Jean Wollam


Traffic in Beirut was about as bad as it could get. The Lebanese drivers were skilled, aggressive and totally lawless.


One morning a friend was making her way to the Embassy when she started down a one-way street. A taxi was coming down the same street, driving in the wrong direction. It undoubtedly never occurred to the driver that anyone would fail to give him the right of way, so he continued on until his car was almost bumper to bumper with Nora’s car. He had not reckoned on dealing with a stubborn American.


No other cars passed by.


The driver screamed in Arabic, blasted the horn and shook his fist. He was obviously becoming almost apoplectic.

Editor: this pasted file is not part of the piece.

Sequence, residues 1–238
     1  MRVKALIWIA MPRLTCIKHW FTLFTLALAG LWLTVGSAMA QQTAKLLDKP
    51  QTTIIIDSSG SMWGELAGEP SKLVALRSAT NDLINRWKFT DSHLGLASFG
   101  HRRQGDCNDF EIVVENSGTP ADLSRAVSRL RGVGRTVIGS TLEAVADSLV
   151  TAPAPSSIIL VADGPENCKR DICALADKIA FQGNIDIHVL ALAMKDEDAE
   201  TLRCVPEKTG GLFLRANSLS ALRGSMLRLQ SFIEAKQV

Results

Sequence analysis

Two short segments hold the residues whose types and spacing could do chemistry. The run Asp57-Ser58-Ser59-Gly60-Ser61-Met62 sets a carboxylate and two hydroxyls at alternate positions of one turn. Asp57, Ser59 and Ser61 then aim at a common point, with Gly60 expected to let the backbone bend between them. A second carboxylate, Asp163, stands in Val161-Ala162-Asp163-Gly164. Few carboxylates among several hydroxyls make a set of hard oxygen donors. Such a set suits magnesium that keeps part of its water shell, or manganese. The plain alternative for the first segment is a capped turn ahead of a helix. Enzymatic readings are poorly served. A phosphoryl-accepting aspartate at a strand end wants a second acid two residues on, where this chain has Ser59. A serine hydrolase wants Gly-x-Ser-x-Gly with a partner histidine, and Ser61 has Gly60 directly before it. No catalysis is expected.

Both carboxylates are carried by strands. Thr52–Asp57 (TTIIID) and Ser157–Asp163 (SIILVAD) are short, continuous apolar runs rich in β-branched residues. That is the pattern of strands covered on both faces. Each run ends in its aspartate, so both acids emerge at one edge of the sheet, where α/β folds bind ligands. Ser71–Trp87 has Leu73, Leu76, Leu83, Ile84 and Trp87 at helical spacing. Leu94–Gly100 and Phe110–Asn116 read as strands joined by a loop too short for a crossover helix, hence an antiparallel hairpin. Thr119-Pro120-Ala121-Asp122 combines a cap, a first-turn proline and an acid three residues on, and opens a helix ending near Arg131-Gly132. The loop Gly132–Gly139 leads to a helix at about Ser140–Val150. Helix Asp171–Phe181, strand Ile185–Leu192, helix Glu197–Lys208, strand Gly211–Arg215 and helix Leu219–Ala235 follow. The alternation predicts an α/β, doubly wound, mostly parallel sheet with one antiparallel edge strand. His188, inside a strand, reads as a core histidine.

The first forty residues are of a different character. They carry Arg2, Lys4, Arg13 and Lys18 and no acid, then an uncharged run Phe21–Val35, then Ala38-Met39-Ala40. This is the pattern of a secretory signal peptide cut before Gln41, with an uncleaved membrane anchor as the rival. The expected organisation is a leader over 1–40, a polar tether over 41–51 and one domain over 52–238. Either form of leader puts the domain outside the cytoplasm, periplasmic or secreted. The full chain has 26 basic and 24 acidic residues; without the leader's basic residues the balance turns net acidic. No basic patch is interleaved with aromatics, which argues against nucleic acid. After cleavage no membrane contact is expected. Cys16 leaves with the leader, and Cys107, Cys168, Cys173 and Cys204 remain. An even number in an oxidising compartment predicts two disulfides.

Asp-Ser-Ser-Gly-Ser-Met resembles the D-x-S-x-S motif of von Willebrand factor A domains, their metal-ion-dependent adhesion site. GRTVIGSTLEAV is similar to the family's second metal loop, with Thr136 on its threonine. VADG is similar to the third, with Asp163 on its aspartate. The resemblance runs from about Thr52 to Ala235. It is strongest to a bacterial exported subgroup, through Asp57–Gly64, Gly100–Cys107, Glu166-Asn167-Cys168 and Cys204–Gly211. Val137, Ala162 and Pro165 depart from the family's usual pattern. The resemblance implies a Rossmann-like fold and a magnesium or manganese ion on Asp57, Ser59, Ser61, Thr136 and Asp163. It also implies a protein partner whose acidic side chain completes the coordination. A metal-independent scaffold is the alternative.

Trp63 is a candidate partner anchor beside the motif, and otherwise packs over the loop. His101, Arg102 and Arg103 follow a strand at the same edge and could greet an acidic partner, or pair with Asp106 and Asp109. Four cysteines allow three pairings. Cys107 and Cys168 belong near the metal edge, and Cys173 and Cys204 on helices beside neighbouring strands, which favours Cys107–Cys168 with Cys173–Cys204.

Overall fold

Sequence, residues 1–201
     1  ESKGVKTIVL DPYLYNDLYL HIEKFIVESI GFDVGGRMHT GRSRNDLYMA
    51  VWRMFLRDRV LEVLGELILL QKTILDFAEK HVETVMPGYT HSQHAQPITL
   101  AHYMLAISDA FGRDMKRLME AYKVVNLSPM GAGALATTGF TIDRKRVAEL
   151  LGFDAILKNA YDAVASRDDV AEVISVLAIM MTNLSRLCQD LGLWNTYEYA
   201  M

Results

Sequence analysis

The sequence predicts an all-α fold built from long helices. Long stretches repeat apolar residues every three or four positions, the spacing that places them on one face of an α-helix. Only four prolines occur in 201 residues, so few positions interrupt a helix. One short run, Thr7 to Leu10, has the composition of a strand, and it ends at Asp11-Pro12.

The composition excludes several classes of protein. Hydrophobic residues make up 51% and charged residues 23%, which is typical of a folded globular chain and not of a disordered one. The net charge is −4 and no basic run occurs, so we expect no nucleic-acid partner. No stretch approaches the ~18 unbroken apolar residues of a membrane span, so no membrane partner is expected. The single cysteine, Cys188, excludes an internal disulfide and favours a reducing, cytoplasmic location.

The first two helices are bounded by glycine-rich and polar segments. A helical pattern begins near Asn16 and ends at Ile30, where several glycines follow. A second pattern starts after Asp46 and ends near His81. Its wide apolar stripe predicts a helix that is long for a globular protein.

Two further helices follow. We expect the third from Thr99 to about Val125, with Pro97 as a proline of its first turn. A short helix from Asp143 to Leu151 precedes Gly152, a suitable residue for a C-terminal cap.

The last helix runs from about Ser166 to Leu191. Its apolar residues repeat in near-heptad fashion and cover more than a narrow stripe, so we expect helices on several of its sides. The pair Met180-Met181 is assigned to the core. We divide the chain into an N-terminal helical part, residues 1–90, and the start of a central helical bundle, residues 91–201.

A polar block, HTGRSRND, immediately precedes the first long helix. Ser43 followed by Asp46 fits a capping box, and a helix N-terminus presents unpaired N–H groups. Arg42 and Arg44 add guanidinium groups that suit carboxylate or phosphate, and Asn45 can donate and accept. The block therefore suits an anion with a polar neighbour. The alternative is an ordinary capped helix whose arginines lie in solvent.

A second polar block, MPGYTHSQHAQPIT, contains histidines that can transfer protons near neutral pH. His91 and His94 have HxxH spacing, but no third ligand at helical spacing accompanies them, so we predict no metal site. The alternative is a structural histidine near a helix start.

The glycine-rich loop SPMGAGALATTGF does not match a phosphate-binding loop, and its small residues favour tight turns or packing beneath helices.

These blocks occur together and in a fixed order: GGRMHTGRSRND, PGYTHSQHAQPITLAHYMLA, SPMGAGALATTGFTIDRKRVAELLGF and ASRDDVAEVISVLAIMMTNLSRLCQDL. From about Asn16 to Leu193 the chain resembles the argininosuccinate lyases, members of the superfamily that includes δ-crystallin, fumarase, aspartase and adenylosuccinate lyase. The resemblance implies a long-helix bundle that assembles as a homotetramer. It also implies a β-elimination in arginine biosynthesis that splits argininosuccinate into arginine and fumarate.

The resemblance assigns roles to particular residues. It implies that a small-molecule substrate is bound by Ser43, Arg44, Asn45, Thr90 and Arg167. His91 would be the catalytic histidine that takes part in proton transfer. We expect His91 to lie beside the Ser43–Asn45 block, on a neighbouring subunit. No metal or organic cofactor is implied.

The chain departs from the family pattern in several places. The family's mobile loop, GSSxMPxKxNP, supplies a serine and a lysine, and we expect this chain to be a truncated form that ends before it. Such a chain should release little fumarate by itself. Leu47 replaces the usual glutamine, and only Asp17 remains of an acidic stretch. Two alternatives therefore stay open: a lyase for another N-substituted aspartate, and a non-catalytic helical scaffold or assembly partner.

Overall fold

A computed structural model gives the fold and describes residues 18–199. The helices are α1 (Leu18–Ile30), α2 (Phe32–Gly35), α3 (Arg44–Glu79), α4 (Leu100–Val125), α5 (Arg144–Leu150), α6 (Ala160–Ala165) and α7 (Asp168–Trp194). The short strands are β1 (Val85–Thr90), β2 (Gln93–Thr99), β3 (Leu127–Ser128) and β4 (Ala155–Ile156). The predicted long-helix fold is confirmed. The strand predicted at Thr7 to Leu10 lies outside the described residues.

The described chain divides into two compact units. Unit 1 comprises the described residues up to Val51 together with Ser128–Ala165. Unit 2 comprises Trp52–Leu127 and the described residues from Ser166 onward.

Nora turned off her engine. She opened up her newspaper and calmly proceeded to read.


For some minutes the stalemate continued, the taxi driver shouting, Nora reading the news.


Finally the taxi driver reluctantly backed up the street. Nora turned on the ignition, drove up to the other driver, rolled down the window, said “shukran” (thank you) and drove on.


I can only imagine what the driver did next, but I would hazard a guess that he sat there, for a minute or two, his energy spent, then shrugged his shoulders, muttered “malish” (it doesn’t matter) and continued on down the one-way street in the wrong direction.


An ugly American or a driver fighting for her rights?